On Tue, Dec 21, 2010 at 11:17 PM, Michael Foord firstname.lastname@example.org wrote:
On 21/12/2010 01:57, Nick Coghlan wrote:
My own +1 goes to keeping the actual/expected terminology (and ordering) and adjusting the diffs accordingly (with a header noting that the diff is old=expected, new=actual).
Well we don't have consensus. Whatever we do we need to be consistent, and in the absence of an agreement about a change we should at least make all the behaviour and documentation consistent.
From this discussion and the discussion on the issue tracker:
Myself, Nick Coghlan and Ezio Melotti prefer (actual, expected) Raymond like (actual, expected) but would be happy with symmetrical diffs Guido prefers the (actual, expected) ordering but prefers diffs to show the other way round R David Murray agreed with Guido Terry Reedy liked the change Glenn Linderman wants (actual, expected) and diffing to follow that Ron Adam ditto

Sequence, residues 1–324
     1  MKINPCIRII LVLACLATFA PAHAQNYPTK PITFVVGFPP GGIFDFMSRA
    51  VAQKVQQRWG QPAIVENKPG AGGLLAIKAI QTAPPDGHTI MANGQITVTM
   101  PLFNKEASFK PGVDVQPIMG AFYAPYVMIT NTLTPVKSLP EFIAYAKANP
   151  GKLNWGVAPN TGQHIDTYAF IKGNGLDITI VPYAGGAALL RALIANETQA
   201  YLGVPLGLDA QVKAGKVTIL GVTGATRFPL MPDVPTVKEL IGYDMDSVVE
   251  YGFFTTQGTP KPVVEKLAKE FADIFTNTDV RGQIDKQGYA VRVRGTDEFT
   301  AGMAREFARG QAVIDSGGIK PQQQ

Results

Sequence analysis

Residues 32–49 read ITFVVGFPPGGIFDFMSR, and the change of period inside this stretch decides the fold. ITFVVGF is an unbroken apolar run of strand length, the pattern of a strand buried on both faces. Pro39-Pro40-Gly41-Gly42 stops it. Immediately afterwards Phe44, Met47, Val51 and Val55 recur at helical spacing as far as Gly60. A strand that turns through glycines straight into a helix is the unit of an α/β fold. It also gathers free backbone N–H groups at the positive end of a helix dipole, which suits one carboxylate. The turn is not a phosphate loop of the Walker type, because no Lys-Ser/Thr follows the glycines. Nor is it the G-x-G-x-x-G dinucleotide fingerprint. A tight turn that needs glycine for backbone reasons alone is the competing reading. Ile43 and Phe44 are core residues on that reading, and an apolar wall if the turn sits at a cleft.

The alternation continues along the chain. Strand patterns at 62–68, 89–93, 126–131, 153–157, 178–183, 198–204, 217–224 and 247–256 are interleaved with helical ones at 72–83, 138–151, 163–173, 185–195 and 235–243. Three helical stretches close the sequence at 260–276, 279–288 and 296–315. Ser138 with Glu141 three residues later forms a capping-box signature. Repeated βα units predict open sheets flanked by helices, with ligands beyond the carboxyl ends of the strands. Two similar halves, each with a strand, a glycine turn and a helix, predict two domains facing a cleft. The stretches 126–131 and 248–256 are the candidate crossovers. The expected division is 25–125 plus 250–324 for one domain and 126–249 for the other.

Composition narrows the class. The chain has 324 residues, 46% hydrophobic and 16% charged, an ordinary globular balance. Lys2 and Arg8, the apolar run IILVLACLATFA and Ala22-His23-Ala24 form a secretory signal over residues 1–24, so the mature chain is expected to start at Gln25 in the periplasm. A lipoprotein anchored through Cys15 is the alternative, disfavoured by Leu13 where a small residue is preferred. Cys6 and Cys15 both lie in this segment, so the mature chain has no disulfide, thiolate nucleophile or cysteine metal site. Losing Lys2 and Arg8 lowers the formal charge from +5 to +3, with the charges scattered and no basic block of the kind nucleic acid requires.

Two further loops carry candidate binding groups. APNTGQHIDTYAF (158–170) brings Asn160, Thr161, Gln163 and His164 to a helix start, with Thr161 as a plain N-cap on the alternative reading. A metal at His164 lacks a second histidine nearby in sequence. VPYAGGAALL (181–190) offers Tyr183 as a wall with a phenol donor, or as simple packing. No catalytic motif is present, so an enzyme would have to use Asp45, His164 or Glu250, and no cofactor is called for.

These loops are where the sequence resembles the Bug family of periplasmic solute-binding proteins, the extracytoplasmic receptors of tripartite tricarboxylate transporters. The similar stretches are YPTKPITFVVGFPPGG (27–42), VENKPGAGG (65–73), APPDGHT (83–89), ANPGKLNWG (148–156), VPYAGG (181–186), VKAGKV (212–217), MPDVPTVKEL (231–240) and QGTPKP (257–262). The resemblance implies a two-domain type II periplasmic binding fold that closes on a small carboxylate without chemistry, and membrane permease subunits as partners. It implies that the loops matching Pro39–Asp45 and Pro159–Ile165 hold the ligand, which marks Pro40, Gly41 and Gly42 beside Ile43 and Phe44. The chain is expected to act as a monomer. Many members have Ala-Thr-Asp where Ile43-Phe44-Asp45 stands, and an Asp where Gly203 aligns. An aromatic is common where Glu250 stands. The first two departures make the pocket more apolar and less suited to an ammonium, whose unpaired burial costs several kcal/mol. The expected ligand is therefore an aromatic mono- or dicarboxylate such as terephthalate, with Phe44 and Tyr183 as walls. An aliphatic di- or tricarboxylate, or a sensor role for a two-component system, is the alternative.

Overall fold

Symmetrical diffs (element in first not in second, element in second not in first) solves the problem without imposing an order on the arguments. Actually unittest *has* used (first, second) to refer to the arguments to asserts pretty much since its inception. Losing the (actual, expected) terminology is a cost of this but unittest hasn't emphasised this terminology in the past (as I thought it had).
I actually agree with Guido that anything we do is going to be suboptimal in some way. Encouraging the actual/expected ordering and updating the diff output so "expected=old" strikes me as least bad, but using the neutral first/second terminology and doing the diffs as "first=old" wouldn't be terrible (although I'm personally -0 on it because it encourages putting the expected value first in order to get the diffs the right way around when an error occurs).